Thursday, August 18, 2005

Sun's Linux killer shows promise | The Register

Sun's Linux killer shows promise | The Register: "Solaris containers (aka 'zones') are also noteworthy. They're virtual environments a bit like BSD jails, only slicker. Each container looks and feels like an isolated, virtual instance of the kernel, yet when idle, one container will use about 0.5 per cent of system resources, and fifty idle containers use about five per cent. One can choose maximum amounts of processing power to assign to each one, and the system will automatically distribute unused resources up to that limit among containers assigned less, and return it according to demand. One logs in to a container just as one would log in to a regular system, and all processes are effectively isolated. A container brought down by a hostile application can be restarted in a few seconds, without any wider impact."

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It's time to short RedHat. Well may be not quite yet but its worth watching.
Solaris is a far more accomplished OS than any flavour of Linux especially with the new features in Solaris like containers, Live Upgrade, DTrace and others.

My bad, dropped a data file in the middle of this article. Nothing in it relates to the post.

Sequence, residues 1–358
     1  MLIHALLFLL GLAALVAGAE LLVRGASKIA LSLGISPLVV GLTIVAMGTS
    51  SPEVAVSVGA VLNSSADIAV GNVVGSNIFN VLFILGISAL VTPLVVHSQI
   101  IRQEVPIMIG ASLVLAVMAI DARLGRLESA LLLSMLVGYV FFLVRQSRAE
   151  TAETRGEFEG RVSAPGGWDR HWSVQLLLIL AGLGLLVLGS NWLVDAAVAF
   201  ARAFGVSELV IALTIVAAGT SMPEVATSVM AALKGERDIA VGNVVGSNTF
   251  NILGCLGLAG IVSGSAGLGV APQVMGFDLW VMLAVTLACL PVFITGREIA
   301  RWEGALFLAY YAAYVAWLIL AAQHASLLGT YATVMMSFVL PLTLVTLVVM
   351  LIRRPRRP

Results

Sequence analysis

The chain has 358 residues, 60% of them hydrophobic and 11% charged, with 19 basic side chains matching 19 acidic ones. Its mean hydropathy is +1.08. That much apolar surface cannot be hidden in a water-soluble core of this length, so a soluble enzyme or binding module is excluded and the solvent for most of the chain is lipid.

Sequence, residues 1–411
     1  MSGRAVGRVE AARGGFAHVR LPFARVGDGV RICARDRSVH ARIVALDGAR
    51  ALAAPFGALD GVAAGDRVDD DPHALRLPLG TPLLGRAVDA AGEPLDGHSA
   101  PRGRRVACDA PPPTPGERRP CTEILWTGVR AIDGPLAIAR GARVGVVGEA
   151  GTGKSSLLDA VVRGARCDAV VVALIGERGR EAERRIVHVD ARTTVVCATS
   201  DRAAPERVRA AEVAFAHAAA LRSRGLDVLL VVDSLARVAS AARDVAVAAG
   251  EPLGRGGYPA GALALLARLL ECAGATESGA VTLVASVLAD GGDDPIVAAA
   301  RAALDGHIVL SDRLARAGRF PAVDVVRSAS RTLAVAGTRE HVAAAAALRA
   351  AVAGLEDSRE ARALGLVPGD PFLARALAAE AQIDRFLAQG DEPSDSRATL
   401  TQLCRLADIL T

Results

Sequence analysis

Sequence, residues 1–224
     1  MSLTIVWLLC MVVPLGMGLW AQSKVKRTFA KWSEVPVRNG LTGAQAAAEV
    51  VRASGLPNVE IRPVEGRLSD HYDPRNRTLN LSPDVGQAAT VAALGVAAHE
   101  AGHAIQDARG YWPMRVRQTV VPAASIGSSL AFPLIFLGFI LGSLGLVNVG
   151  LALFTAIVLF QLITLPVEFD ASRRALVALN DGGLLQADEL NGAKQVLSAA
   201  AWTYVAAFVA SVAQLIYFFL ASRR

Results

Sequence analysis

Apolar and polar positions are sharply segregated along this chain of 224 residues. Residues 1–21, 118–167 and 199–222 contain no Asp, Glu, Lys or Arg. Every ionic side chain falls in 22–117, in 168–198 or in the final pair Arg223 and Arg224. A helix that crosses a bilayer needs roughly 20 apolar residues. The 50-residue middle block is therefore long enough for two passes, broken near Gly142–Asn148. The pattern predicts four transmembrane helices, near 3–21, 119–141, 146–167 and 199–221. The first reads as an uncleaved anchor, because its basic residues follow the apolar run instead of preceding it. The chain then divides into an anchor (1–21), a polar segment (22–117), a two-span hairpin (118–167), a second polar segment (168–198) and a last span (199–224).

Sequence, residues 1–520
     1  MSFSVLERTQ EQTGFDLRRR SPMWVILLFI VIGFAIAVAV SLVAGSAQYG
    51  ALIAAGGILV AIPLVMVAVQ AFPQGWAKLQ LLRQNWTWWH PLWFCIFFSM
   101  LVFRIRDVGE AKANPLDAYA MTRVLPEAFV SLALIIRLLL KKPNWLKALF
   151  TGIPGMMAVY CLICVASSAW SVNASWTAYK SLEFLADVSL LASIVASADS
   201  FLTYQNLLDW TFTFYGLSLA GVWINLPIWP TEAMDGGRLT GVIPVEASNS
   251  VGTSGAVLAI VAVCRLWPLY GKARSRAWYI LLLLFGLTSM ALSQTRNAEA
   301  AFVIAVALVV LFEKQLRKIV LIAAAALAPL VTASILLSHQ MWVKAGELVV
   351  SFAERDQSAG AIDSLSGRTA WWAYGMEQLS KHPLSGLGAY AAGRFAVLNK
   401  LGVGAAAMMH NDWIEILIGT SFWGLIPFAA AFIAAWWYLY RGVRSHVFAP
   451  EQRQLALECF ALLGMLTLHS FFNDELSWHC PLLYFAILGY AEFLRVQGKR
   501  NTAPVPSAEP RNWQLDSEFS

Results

According to the article above Solaris is not quite ready for the x86 world because of lack of drivers for many popular devices found in common x86 boxes.
So if Sun does address this, you should see RedHat and other vendors starting to suffer especially with all the other software you can obtain from Sun which is often bundled in with Sun boxes.

Another space to watch

2 comments:

One Stop Under said...

Those new features would make Solaris on x86 kick ass for a web hosting company. The hardware and OS would be cheap, and you could give every web site on a machine its own container to run in. If the client does something dumb (starts a runaway process, exposes a security hole, fills up a disk, etc) it would only take out their own container, and not affect everyone else on that machine. You could also control how much CPU each client gets, and charge more to deliver more grunt etc. And clients could compile their own kernel with parameters set how they want them, run web servers other than Apache (e.g. Zope), install their own applications, etc. The hosting company could basically give them superuser access within their own container, and just provide a big red reset button for when they stuff it all up.

IBM developed something similar to this for their high-end servers (running OS/360?), and they thought they'd take the hosting provider marketplace by storm. Problem was, the hardware and software was way too expensive to make it worthwhile, when everyone else was running cheap Dell x86 servers and Red Hat.

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